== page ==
The court quickly dismissed the case, however, saying Randy couldn’t claim a taking without a permit denial—a process the county made intentionally labyrinthian, expensive, and pointless. County and CCC rules also categorically trump any permit, and officials had already made it clear he had no chance of getting one. Even if Randy endured the arduous process, the answer would still have to be “no.”
“The government almost dares you to sue because they know they can keep putting off their final answer by banishing you to bureaucratic purgatory. How many people have the stamina and resources to go the distance?” asks Randy. “We knew we were right and the county was wrong. But we took such a financial hit that I don’t know if we would have kept fighting had PLF not stepped in.”
Unfortunately, federal courts have long tolerated complicated bureaucratic processes designed to intimidate citizens and avoid the constitutional consequences of trampling landowners’ rights.
“Federal courts are quite favorable to citizens defending other constitutional rights. But their aversion to questions of property rights effectively gives governments legal cover—and incentive—to stymie landowners with non-existent procedural roadblocks, tripwires, and booby traps,” explains PLF senior attorney Robert Thomas. “A final decision requirement itself isn’t a bad thing. But the government is supposed to help you get there, not force you through an endless Byzantine maze.”
The Supreme Court agrees. PLF’s 2021 win in Pakdel v. City and County of San Francisco affirmed that property owners are under no obligation to waste time and money on futile permitting processes just to get their shot in court. Represented by PLF at no charge, Randy and Linda have asked the Ninth Circuit to reverse the lower court’s dismissal and give them their rightful chance to defend their property rights.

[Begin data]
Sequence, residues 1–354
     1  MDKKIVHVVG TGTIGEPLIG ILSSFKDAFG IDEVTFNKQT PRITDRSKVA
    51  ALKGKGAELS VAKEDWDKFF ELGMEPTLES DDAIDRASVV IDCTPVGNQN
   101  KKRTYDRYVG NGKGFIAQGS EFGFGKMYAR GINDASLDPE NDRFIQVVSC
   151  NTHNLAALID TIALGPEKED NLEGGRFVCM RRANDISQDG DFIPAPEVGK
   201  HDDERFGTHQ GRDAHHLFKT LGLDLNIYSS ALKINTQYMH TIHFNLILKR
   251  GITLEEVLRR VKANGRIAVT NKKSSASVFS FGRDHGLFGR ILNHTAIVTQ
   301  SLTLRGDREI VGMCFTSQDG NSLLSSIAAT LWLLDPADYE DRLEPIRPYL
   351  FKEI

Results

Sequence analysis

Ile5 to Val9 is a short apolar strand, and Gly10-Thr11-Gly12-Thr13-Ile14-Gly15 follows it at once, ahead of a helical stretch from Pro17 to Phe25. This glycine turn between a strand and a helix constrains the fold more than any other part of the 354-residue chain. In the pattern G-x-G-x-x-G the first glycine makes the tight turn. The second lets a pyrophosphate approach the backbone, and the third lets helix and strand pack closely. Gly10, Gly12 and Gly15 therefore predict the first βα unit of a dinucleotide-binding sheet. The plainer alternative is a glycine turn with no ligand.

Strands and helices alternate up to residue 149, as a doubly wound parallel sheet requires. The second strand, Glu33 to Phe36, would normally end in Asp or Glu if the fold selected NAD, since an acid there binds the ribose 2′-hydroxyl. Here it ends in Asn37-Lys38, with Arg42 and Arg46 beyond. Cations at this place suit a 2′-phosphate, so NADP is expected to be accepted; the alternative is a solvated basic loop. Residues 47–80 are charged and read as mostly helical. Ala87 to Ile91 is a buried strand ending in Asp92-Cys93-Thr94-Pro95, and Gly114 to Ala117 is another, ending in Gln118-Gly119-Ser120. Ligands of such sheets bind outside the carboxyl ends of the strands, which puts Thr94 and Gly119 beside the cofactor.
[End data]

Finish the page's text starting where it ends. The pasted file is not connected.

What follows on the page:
Naturally, Randy views their battle as a process—a legal one—with far-reaching implications for his fellow riparian landowners and all property owners who simply want to use their land.
“I’m grateful that I can give a voice to others who are very frustrated and feel beaten down by a government that’s furthering environmental goals on the backs of taxpaying property owners,” says Randy. “We hope our lawsuit gives the government pause.”
“Victory would mean we can build one more desperately needed house,” adds Linda. “But more importantly, it would send a message that the government can’t just toy with people and their rights.”
Americans have the right to make economically beneficial use of their property. If the government is going to restrict how you use your property, it is obligated to make clear what those restrictions are and how to compensate you if those restrictions remove economic use of the property.
To Our Donors
Property owners shouldn’t have to jump through impossible hoops just to defend their property rights in court. By supporting PLF, you empower Randy Ralston and Linda Mendiola—and all Americans—to challenge government shell games that reduce property rights to second-class rights. Thank you!Donate